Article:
As for the scene I chose to mention, I could have named the "We all have it comin'..." scene as one of the more powerful in modern cinema.  Because Unforgiven has a few that stand out.  There's no death or violence in that scene, but the scene is a classic in every way.

You conclude that because I love Unforgiven and because Unforgiven is "violent" that I think a movie must be violent to be great is...totally wrong.  (Just wanted to point out an obvious case of circular logic.)

And to Matt: Good post.
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« Reply #55 on: May 02, 2004, 12:05:34 AM »

Doug - I asked why it was so powerful  - matt gave a good rounded discussion you had to jump after him to get at me - just because i prefer josey wales

just because philo doesn't care for unforgiven you presume other people can't and they can't discuss the merits of two films

Look at the post it's all your CONCLUSIONS - nothing there i said jumps to any conclusions and i didn't use the word once

i still prefer the life in josey wales - unforgiven comes a close second and what matt said unforgiven did to him transport him to the movie josey does for me

josey was called an adventure i was trying to say i don't see that the story of unforgiven is that different

matt is right maybe the imagery is there but that doesn't mean the josey story is any weaker the films are different and are difficult to compare

for most scenes you mention in unforgiven i will mention one in josey - but that wasn't the point

christopher talked about the power of violence and thats what i was asking about why it was powerful was it the violence - no says matt there is more to the movie - fair enough

thats DISCUSSION

what you said above is your CONCLUSIONS
« Last Edit: May 02, 2004, 11:07:43 AM by Matt » Logged

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philo
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« Reply #56 on: May 02, 2004, 04:53:59 AM »


From Vik :
just because philo doesn't care for unforgiven you presume other people can't and they can't discuss the merits of two films


I was just pleased that Doug could put so well, how I felt.

Maybe it was because I was a teenager (time does play a part in these things) but I was on the edge of my seat watching Josey (in the cinema which is also worth noting). I cared about what happened to those characters.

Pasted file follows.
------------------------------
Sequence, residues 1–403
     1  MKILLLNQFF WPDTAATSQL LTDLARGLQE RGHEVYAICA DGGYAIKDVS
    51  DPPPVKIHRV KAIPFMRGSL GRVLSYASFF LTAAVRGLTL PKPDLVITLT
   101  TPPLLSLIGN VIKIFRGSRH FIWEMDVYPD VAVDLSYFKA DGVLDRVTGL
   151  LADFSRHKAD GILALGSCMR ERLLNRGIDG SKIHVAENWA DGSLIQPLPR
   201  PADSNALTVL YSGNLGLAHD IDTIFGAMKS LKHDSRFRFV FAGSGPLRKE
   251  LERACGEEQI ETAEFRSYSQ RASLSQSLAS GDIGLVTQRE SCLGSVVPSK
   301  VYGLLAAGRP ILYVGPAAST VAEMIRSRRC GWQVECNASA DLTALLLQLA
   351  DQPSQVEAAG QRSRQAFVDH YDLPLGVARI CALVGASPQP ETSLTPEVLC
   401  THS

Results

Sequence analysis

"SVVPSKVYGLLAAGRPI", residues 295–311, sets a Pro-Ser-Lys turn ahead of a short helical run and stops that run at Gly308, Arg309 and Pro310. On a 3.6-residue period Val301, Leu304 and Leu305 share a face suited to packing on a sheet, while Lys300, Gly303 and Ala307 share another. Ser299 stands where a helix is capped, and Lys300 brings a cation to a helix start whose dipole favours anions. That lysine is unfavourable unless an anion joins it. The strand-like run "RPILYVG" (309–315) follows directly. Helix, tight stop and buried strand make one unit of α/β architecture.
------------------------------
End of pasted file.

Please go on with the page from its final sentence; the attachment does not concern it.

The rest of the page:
I also think the end sequence and the return of Fletcher offers more in those few minutes than anything Unforgiven can offer. The end of Josey is just .... moving and totally real.

As usual just my thoughts

Philo .
 
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« Reply #57 on: May 02, 2004, 09:47:05 AM »

Vik ... I apologize.  I did not mean to upset you.  I will not post any more here since it does upset you.  For the record I also enjoyed reading why philo enjoys OJW.  I love that movie too, I just don't .... nevermind.  
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« Reply #58 on: May 02, 2004, 12:11:12 PM »

Vik and Doug, I think both of you have contributed a lot to this discussion, but when you express a strong opinion on a controversial subject, you really have to expect people will make strong statements in return. I hope both of you will continue posting your thoughts here.

Everyone else, thanks for your thoughts, and your contributions to this thread, which is really one of the better discussions we've had lately. Please keep it civil ... and keep it going!
« Last Edit: May 02, 2004, 12:42:59 PM by KC » Logged
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« Reply #59 on: May 02, 2004, 12:58:16 PM »

I think the message about the Indians in Josey Wales is much more important than the message about killing in Unforgiven.

Racism is one of the main causes of crime yet today and it is all through Josey Wales- not just the Indians, but also about why the war was fought in the first place.

Yes, Josey was a Confederate soldier and the Confederacy were pro-slavery, but the Union soldiers murdered Josey's family. Which is worse?????

Both are examples of the racism which still exists today; the racism which leads to a lot of violence. Hell, how many Indians were killed by whites from the 1500s until the mid-1900s????????
« Last Edit: May 02, 2004, 12:59:26 PM by Adam S. » Logged